Kelly Quick serves as an autism advocate


Kelly Quick is a Lakeland professor living with autism.

Leah Ulatowski, Copy Editor

According to Centers for Disease Control and Prevention, “about 1 in 68 American children has been identified with autism spectrum disorder (ASD).” The children will someday become adults with autism; Kelly Quick, assistant professor of exercise science, is a living example.

Quick’s older brother, Corey, works at an alternative school, and after recognizing the symptoms of autism in his sister, he suggested that she get tested. Quick was diagnosed with Asperger’s disorder in December 2012.

“I see the diagnosis as a mixed blessing,” Quick said. “I look back on things that happened as a kid, and it makes sense now. For example, if you read the list of what children with autism do, it says they don’t have peer group friends, but they always speak like the little professor. In third grade, I was called the ‘40-year-old midget.’ To me, adults were more interesting than playing with my peers.”

The American Psychiatric Association’s Diagnostic and Statistical Manual of Mental Disorders (DSM-IV) classifies autism and Asperger’s disorder under the umbrella diagnosis of autism spectrum disorder. According to the Autism Society, Asperger’s has less severe symptoms and fewer language delays than autism.

“I was nonverbal for the first couple years of my life, and mom just thought I was a quiet baby. I did a lot of rocking…until six years old,” Quick said. “[The typical behaviors of autism] were usually stress-related. We moved from Illinois to Wisconsin when I was 10 years old, and I developed a habit of pulling out my hair.”

Individuals with autism have varying levels of verbal ability—from no difficulty to being completely mute. Additionally, they tend to engage in what is called ‘self-stimulatory behavior,’ which includes the repetitive actions of rocking, pulling out hair, flapping one’s limbs, stomping/tapping feet, making vocal sounds, scratching one’s body and even blinking.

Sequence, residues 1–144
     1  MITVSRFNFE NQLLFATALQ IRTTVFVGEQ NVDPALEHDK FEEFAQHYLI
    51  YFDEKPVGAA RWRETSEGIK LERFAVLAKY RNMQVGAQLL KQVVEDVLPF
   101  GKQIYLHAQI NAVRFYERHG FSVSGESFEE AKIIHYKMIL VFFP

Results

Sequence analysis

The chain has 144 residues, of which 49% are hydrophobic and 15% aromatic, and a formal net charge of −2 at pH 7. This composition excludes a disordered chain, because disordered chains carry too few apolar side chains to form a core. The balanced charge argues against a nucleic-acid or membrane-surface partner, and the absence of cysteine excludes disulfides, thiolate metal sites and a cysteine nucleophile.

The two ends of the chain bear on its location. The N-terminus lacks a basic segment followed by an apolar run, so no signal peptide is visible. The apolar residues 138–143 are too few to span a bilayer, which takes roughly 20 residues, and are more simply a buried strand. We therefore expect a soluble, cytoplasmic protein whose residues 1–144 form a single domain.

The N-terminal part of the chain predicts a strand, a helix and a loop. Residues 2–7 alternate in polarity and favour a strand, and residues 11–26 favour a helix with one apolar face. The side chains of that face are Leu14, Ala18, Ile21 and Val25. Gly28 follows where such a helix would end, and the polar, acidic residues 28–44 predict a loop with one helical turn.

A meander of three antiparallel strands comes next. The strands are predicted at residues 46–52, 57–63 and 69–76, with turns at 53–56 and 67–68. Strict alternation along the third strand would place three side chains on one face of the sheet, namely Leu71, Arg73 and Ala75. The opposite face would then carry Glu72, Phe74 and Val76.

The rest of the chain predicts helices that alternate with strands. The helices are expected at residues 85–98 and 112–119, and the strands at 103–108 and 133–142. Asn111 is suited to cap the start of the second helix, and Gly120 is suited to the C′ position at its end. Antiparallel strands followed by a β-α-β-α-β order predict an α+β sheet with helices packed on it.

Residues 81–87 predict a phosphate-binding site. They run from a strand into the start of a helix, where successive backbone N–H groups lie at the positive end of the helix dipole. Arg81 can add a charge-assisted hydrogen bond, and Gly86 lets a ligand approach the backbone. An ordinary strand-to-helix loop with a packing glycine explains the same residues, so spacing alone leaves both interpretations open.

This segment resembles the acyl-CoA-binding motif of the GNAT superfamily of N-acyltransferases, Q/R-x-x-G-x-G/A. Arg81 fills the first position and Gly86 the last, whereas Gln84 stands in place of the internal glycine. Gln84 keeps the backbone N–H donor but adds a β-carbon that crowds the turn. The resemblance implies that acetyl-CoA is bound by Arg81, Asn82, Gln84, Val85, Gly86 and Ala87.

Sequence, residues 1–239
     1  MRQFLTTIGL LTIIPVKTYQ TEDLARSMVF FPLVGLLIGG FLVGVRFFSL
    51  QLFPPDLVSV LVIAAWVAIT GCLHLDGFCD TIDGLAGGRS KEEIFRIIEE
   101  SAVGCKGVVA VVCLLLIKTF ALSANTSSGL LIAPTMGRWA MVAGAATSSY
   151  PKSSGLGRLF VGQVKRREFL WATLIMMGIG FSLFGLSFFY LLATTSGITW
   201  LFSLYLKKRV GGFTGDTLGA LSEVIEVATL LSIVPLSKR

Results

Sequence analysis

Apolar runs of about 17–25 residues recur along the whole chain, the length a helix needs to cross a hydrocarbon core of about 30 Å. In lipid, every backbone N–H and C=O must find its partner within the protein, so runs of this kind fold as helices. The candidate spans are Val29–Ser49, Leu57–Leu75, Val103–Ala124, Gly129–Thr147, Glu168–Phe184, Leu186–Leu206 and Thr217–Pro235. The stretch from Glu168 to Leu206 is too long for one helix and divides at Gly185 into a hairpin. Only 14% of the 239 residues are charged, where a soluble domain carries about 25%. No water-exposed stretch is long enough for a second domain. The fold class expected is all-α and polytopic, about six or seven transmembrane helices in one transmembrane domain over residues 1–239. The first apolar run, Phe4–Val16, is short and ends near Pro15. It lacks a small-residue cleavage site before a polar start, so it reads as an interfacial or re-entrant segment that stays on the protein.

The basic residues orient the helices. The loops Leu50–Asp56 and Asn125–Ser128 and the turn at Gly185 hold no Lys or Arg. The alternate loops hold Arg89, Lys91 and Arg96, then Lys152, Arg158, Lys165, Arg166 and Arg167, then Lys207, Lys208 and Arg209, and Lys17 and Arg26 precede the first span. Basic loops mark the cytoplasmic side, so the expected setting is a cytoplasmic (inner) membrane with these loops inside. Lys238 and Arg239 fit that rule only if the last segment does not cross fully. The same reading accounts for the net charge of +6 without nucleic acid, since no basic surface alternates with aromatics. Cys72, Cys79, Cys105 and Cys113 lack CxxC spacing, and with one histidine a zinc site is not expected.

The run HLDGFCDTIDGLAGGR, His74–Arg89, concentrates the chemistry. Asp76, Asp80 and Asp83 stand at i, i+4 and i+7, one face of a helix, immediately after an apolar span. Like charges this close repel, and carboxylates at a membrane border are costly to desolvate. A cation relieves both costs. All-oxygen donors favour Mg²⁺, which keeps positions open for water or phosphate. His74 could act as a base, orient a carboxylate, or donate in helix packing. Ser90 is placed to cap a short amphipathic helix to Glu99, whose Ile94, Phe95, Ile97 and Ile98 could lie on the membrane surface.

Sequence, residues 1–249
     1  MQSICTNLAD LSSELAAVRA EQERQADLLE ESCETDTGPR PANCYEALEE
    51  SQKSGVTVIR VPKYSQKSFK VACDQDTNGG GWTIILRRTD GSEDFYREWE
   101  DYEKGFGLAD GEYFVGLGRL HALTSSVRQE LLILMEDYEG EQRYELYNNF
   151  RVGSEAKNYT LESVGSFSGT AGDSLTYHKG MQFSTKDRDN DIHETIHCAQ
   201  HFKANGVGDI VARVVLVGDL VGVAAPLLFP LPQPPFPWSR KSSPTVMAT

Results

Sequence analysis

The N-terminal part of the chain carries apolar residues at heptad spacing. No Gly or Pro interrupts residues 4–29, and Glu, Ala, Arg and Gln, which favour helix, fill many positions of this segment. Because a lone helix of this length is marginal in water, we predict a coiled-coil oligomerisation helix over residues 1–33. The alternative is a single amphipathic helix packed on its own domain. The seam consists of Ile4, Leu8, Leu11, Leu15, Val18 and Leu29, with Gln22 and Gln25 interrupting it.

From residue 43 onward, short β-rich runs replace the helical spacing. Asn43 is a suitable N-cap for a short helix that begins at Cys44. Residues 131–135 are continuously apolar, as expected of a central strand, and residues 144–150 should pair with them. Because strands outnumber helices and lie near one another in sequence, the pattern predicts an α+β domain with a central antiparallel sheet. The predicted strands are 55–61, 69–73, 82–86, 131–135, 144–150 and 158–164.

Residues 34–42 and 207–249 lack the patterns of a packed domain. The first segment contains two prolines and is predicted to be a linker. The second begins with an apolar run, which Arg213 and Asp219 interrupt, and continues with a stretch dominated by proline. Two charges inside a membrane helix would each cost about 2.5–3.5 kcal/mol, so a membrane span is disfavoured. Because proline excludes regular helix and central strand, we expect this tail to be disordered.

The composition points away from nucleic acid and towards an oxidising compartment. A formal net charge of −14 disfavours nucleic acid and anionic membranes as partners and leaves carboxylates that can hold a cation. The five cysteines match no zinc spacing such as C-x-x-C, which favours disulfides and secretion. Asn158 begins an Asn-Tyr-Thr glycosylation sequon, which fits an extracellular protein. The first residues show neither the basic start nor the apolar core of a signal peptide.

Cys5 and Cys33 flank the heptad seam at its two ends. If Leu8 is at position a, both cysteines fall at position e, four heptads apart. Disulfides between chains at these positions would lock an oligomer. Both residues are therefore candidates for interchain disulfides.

“I try not to [self-stimulate] because I understand what it is, so I have fidget toys [such as pliable rubber noodles],” Quick said.

As clearly exhibited by the stress Quick underwent after her childhood move to Wisconsin, individuals on the spectrum tend to have compulsive personalities and enjoy familiarity. To this day, Quick cannot reach her full teaching potential unless the classroom is arranged a certain way, and students are supportive in helping her reorganize if a prior class moves items around. She tends to mentally dwell on negative incidents that take place throughout her day, but she finds that journaling positive experiences helps to curb her thoughts.

Quick details how some people examine her symptoms and feel that autism is not that bad because they engage in a few of the behaviors themselves, such as obsessing over a negative experience.

“Autistic people don’t do things that you don’t do; they just do them at varying extremes,” Quick explains.

The most taxing symptom for Quick has perhaps been her difficulty in following social rules. Like many individuals with Asperger’s disorder, she views the world in an extremely logical way, but people often misinterpret her personality as being callous.

For example, while Quick was working at a movie theater, she was notified that her mother was in a car accident and hospitalized. There was realistically nothing she could do for her mother, so Quick desired to finish her shift. The manager was stunned.

As a result of incidents like that, Quick finds herself working out and trying to abide by social rules.

“You have to learn who you can be yourself around and who you can’t,” Quick said. “The self-censorship is draining…[people] don’t understand it.”

The autism advocate has two main tips for those who have never encountered the disorder before.

“Firstly, don’t take our [logical approach to things] personally. Secondly, I wish people would focus on our strengths, like [our concentration], as opposed to dwelling on things like ‘your facial expression was off,’” Quick says. “Don’t focus on our weaknesses. It’s no different than anyone should be treated—always focus on their positives.”